On Saturday, a bipartisan group of more than 80 members of the Texas House of Representatives sent the attached letter to the Texas Board of Pardons and Paroles urging clemency for Melissa Lucio.
The legislators cite serious doubts about the reliability of Ms. Lucio’s conviction, the disparity in her sentencing, and her deep Catholic faith. Ms. Lucio is scheduled for execution on April 27, 2022.
To: Texas Board of Pardons & Paroles
We, the undersigned members of the Texas House of Representatives, write to urge you to cancel Melissa Lucio’s execution, currently scheduled for April 27, 2022, by either commuting her sentence or granting her a reprieve.
We appreciate how seriously you take your unique responsibility by approaching every execution with the utmost care and caution so that Texas never executes someone for a crime they did not commit. That is why we are confident that you will come to the same conclusion we have: that the State of Texas cannot, in good faith, execute Ms. Lucio next month.
We ask that you pay particular attention to the new scientific evidence that has emerged since the time of Ms. Lucio’s trial showing that her daughter, Mariah, died after a tragic accident rather than an intentional capital murder. In other words, Ms. Lucio was sentenced for a murder that, simply put, did not take place, and no eyewitness account exists saying otherwise. Ms. Lucio’s case is one that gives even the strongest death penalty proponents among us pause. Of course, we understand that some of these issues must be litigated, and a commutation or reprieve would give Ms. Lucio’s lawyers the time they need to further develop evidence of Melissa’s innocence. We should not rush something that cannot be undone.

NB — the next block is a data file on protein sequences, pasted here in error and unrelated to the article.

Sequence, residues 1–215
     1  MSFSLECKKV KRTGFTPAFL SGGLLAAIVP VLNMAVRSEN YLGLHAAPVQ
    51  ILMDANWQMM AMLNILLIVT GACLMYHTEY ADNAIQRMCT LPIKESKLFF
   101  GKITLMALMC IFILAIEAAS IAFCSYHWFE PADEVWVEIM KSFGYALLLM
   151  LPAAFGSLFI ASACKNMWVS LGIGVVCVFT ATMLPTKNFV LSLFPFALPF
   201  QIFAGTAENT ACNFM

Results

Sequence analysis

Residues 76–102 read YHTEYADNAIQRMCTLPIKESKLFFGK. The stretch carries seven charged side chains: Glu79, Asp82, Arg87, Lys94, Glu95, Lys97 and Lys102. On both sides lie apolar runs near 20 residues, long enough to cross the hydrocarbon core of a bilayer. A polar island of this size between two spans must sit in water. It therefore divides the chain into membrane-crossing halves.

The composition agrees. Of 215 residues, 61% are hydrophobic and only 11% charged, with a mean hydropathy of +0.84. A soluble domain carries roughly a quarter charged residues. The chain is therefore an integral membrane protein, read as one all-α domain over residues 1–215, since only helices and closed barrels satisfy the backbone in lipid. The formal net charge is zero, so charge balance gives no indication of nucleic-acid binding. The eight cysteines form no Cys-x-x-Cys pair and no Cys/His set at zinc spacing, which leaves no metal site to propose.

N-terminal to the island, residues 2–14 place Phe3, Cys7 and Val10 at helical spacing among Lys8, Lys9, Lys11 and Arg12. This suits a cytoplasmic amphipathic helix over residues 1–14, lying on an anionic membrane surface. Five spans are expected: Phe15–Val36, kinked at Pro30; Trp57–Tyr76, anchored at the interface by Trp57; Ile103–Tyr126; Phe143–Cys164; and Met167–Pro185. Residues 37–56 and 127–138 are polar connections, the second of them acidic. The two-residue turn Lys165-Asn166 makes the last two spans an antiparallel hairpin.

Beyond those doubts, the dramatic sentencing disparity between Ms. Lucio and her husband, who was also responsible for Mariah’s care, is inescapable. Unlike Ms. Lucio, who had no documented history of violence towards her children, her husband had a history of assaultive behavior but is now a free man after serving a four-year sentence for child endangerment. You now have a unique and powerful opportunity to show Texas women that our system of justice is evenhanded.
Ms. Lucio has strong sources of support in her family and the people around her. She also has her faith as a practicing Catholic who regularly attends mass. She has even formed and led a Bible study group on death row and brought other inmates to salvation in Jesus Christ.
Executing her will not achieve justice for Mariah. Instead, it will cause more suffering for Mariah’s siblings, her grandmother, her father, and her aunts and uncles, who all lost Mariah 14 years ago and are desperate not to lose her mother. A commutation or, at a minimum, a reprieve, would prevent further harm to a family that has already experienced tremendous loss.
We have been encouraged by the thoughtful decisions you have made in recent years in cases like Bobby Moore and Thomas Whitaker, which presented similar issues of evidentiary doubt, disparate sentences, and supportive families outside. While we understand the gravity of the issue before you, we also believe Ms. Lucio’s case presents the same opportunity to prevent a miscarriage of justice and strengthen public trust in our legal system.
Thank you for your thoughtful consideration and your leadership on this issue.